New grammar schools would benefit just six areas, says study

New grammar schools would benefit just six areas, says study

There are only six areas in England where parents want new grammar schools and creating them would benefit the wider school population, a study says.

The Education Policy Institute modelled the impact of government plans to expand selective schools by looking at how 32,844 districts would be affected.

The think tank applied the government’s conditions for allowing new schools.

The government called the study a crude attempt to second-guess the results of its consultation on new schools.

The researchers began by constructing a set of tests mirroring the conditions for new grammars set out in the government’s White Paper, Schools that Work for Everyone.

These were that they:

  • should not be to the detriment of pupils who miss out
  • need to be in areas where there are sufficient numbers of pupils who could attend
  • should not undermine existing high-performing schools
  • are only in areas where parents want them

They found that broader education levels would be harmed if new selective schools were created in areas where more than half of highly attaining pupils could access grammar school places.

Grammar schoolEngland has 163 grammar schools with 167,000 pupils

This “no detriment” principle knocked out just under 30% of areas.

They then excluded any area that did not have at least 150 pupils with high prior attainment who lived within a reasonable travelling distance.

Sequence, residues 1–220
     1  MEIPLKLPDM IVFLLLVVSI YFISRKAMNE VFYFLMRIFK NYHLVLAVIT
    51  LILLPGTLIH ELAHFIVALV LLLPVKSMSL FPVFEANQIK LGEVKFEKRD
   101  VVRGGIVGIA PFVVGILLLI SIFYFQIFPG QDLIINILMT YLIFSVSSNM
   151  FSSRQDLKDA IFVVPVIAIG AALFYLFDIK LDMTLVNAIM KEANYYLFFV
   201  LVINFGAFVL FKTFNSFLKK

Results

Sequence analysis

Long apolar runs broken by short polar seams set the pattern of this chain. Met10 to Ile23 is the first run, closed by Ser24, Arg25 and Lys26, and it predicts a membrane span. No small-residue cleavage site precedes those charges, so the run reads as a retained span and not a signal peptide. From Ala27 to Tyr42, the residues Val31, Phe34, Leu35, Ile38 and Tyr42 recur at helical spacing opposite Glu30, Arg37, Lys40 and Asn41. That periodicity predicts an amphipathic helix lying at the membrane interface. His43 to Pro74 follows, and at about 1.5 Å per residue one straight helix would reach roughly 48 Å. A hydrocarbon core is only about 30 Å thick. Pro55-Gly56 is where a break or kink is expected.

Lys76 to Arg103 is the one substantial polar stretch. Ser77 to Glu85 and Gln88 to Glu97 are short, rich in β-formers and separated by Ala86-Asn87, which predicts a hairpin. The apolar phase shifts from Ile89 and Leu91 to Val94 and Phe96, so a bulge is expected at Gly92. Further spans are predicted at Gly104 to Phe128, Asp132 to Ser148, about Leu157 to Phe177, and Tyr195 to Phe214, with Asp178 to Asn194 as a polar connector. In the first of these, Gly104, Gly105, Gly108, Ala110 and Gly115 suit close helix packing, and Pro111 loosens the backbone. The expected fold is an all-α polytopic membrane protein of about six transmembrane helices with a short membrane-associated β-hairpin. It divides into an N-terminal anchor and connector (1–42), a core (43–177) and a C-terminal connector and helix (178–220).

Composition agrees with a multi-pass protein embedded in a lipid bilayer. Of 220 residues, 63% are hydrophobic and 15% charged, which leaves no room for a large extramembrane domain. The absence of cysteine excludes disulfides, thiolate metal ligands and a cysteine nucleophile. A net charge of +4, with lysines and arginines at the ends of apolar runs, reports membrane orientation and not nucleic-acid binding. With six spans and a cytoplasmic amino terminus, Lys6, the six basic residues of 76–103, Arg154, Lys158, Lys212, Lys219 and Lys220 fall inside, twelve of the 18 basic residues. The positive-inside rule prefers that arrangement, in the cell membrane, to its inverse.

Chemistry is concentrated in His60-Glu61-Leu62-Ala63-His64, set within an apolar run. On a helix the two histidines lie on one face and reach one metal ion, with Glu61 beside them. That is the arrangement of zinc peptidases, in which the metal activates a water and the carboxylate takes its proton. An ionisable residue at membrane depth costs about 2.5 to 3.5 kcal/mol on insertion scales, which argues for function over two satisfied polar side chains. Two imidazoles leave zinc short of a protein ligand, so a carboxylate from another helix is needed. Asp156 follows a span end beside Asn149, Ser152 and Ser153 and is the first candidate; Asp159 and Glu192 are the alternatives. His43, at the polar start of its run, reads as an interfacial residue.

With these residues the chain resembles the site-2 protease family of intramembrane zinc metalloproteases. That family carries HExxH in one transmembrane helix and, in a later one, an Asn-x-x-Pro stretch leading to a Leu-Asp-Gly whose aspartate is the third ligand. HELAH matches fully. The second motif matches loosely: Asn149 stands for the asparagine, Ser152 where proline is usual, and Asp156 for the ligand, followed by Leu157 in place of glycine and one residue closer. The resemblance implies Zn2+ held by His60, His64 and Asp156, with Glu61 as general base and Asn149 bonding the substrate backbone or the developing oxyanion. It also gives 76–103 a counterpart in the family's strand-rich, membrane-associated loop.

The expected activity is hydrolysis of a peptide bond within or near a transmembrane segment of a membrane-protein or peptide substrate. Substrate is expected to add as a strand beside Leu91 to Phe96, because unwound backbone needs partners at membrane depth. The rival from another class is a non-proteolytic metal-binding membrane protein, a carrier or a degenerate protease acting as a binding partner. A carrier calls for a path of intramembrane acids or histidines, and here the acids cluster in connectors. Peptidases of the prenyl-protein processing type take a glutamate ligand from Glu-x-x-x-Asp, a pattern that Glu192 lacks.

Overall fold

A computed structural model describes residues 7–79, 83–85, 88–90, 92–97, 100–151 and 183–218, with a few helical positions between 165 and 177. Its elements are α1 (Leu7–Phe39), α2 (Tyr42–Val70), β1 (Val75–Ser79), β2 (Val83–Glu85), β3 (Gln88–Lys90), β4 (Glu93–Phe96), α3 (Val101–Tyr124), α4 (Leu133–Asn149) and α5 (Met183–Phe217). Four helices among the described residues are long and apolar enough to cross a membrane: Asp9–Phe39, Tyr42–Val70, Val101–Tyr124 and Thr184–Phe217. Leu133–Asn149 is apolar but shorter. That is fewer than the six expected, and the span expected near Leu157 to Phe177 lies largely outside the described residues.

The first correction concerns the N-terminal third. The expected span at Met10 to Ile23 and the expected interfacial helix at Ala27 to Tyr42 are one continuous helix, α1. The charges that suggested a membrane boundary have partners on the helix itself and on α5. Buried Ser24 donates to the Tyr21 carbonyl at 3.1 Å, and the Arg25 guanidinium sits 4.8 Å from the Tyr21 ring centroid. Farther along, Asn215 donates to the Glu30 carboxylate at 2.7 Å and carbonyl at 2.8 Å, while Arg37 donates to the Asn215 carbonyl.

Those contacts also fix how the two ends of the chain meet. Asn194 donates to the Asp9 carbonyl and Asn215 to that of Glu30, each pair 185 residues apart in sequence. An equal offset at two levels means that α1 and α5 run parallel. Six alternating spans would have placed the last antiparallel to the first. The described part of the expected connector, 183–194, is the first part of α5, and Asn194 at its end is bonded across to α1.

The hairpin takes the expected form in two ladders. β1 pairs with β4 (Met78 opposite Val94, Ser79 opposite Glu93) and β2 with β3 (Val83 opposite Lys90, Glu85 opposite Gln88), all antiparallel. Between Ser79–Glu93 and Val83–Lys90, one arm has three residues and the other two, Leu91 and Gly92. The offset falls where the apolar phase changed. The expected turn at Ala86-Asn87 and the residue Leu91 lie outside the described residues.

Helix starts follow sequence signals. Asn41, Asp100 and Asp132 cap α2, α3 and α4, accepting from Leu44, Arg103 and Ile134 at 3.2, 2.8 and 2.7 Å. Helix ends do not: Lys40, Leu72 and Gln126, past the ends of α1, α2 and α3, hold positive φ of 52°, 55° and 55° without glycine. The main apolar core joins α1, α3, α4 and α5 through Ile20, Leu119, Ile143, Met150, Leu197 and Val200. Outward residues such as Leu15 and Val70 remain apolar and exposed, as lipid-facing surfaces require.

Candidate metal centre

This disqualified a further 1% of areas.

Social mobility

The researchers then excluded areas which already had high-performing non-selective schools, whose fortunes could be harmed by the introduction of new grammar schools.

This left just under a fifth of areas.

When these areas were cross-referenced with the 37 local authority areas which expressed strong support for new grammars in a recent YouGov poll, just six areas remained.

These were Solihull, Essex, North Yorkshire, Dorset, Northamptonshire and North Somerset, all of which have fewer disadvantaged pupils than the national average.

The study added that expansion principles would be met only in parts of each local authority area.

“We therefore conclude that it will be difficult for the government to identify areas for grammar school expansion that will avoid damage to pupils who do not access the new selective places, where there is public demand for new selective places and high disadvantage,” the researchers said.

‘Crude second guessing’

The EPI’s chairman, David Laws, said his organisation’s analysis showed that the provision of additional grammar school places in England would be unlikely to be an effective strategy to boost social mobility.

“The additional analysis that we have now published highlights further significant challenges which face the government if ministers decide to press on with these proposals.”

But a spokeswoman for the DfE dismissed the findings, noting that its own consultation on removing the ban from grammar schools closes on Monday.

She said: “This report is a crude attempt to second-guess what that consultation will conclude.

“Independent organisations have recognised the transformative impact grammar schools can have on the lives of disadvantaged young people.

“Our consultation closes on 12 December and we look forward to considering all the responses.”

BBC News

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